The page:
Fire chief see benefits of camera with own eyes

Wearable technology could change the decades-old practice of gauging the colour of smoke and relying on third-hand information to fight fires and save lives.

Fire & Rescue NSW is set to begin trials of a body-worn video camera that will live stream footage of fires back to its command centre. The command post will for the first time be able to see what is happening inside a burning home, building or site.

“That’s a view that we’ve never been actually able to have (at the command post) before,” said ­Graham Tait, ‎operational communications systems officer at Fire & Rescue. Mr Tait said senior officers at the command centre needed to know what was happening inside and outside the affected area so decisions were made that ensured fires were fought correctly.

“Decisions on how many ­resources are required and where people need to be will be a lot ­better,” Mr Tait said. “(This is because) they can ­actually see with their own eyes what’s happening and not rely on third-hand information or seeing the colour of the smoke — what we do currently.

“We will be able to put in tactics to resolve fires quicker, and if ­anybody’s trapped inside a building we’ll be able to rescue them faster.” The video camera, dubbed Firecam and supplied by m-View, is about 100mm long, with the ­diameter of a 20c piece. It weighs 110g.

“They’re quite small and connect to a smartphone and broadcast from there. There’re no wires or cables or anything to connect to it,” Mr Tait said. The camera can be attached to a firefighter’s shoulder, helmet or anywhere else and “we can see whatever they can see”, he said.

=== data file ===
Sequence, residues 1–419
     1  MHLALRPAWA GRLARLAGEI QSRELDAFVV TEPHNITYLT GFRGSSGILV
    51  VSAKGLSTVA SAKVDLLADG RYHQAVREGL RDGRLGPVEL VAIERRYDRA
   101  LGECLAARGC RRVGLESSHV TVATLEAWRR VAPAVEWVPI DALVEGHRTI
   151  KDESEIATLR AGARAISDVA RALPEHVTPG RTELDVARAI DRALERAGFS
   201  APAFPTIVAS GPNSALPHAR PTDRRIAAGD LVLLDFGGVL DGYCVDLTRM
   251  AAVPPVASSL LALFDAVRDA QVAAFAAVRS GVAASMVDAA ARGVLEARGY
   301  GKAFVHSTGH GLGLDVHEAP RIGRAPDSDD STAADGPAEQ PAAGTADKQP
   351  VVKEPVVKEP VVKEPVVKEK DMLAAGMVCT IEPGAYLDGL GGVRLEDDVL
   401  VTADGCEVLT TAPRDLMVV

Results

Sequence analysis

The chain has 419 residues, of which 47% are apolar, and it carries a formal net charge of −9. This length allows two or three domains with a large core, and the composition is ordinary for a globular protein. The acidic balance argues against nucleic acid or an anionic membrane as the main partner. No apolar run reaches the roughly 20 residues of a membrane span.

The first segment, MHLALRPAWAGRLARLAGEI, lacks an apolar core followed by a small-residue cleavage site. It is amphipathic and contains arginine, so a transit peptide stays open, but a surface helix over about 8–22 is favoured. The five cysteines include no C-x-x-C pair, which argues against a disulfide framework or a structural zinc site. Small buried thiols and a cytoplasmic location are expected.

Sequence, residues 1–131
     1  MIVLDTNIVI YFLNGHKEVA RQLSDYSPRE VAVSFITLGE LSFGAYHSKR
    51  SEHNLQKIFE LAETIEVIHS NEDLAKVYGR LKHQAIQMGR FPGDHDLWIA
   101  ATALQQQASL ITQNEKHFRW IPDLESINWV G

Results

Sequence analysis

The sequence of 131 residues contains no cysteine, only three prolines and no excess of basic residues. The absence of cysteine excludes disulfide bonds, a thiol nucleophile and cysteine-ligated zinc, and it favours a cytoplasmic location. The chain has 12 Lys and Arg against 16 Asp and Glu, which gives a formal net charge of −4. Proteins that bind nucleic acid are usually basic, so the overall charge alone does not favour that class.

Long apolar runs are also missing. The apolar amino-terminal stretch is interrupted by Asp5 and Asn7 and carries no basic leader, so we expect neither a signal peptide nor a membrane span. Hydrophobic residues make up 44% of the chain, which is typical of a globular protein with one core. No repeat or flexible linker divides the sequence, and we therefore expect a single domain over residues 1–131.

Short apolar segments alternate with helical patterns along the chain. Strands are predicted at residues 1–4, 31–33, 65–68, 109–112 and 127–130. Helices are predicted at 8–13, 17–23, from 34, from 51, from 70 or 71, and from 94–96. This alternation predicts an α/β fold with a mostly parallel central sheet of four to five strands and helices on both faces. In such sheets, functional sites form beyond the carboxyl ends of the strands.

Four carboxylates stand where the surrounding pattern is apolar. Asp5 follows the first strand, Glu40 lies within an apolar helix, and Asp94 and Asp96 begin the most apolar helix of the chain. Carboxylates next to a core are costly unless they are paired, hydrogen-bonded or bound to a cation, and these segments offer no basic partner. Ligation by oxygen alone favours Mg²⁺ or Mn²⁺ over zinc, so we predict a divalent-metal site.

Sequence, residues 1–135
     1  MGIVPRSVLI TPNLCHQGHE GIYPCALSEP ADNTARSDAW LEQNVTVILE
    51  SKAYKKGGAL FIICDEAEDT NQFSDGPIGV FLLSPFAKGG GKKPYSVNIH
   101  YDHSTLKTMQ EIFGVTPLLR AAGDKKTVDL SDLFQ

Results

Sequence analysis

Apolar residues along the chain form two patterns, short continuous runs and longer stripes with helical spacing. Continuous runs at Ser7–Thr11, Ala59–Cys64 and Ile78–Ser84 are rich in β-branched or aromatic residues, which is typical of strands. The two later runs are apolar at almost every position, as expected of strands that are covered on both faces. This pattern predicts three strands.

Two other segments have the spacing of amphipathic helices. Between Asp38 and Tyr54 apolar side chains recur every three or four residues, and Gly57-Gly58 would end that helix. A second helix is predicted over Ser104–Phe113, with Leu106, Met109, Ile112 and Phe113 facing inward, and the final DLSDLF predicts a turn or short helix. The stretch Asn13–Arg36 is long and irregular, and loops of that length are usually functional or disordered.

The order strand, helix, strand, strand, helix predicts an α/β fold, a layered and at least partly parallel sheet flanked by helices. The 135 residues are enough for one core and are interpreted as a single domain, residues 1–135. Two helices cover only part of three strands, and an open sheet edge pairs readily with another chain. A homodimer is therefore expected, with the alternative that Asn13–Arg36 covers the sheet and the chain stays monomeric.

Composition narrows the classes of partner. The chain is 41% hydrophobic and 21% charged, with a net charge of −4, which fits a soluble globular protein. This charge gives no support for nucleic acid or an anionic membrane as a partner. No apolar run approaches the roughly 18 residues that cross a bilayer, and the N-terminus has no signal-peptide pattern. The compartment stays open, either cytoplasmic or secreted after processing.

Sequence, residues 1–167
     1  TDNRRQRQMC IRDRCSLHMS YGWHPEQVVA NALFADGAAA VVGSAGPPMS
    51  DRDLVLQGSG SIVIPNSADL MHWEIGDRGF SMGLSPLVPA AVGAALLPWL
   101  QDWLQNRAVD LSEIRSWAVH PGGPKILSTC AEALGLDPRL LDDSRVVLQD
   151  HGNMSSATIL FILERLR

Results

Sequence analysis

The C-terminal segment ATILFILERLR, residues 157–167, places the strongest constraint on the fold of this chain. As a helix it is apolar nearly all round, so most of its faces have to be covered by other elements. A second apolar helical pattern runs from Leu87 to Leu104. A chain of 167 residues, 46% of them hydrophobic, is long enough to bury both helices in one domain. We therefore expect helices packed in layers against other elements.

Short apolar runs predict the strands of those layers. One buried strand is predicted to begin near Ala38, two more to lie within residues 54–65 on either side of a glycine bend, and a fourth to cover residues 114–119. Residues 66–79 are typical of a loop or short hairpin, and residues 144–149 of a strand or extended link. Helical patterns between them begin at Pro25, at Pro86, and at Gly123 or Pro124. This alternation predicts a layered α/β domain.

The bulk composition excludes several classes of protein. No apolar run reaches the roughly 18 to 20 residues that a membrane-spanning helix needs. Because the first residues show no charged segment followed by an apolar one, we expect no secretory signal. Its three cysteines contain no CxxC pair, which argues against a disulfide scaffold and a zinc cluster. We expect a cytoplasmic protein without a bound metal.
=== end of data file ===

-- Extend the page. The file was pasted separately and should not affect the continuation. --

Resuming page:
Live video is streamed back to base using a smartphone’s 3G or 4G connection. The device captures video in high-definition on a storage card in the camera as it simultaneously broadcasts live.

While the video footage beamed to Fire & Rescue’s ­command post is not in high-­definition (as it would be too bandwidth-intensive), Mr Tait said it was “good enough to watch live”.

For reference or other purposes, the high-definition video can be downloaded from the storage card once the firefighter returns.Fire & Rescue predominantly uses iPhones, but it would use an Android smartphone during the trials as m-View’s iPhone app for the wearable device was under development, he said.

The organisation is an existing customer of m-View, which allows firefighters to capture video using iPhones. Mr Tait is not concerned about battery life, often the bane of many smartphone users. He said most incidents were quite short and firefighters normally wore their breathing apparatus for 30-40 minutes at a time inside fires. The cameras can run for about eight hours before needing to be recharged. The trial will start within weeks for an undetermined period of time.

The NSW government is gearing up to equip its law enforcement officers with wearable video cameras, with a tender for suppliers about to close. M-View chief Andre Obradovic said the company was “actively interested in working with NSW Police”. In the US, President Barack Obama has backed the use of such devices following the Ferguson riots. Mr Obradovic said the technology had a wide variety of applications and could be used in mining, transportation and healthcare.

Source: http://www.theaustralian.com.au/business/technology/fire-chiefs-see-benefits-of-wearable-tech-with-their-own-eyes/story-e6frgakx-1227182594627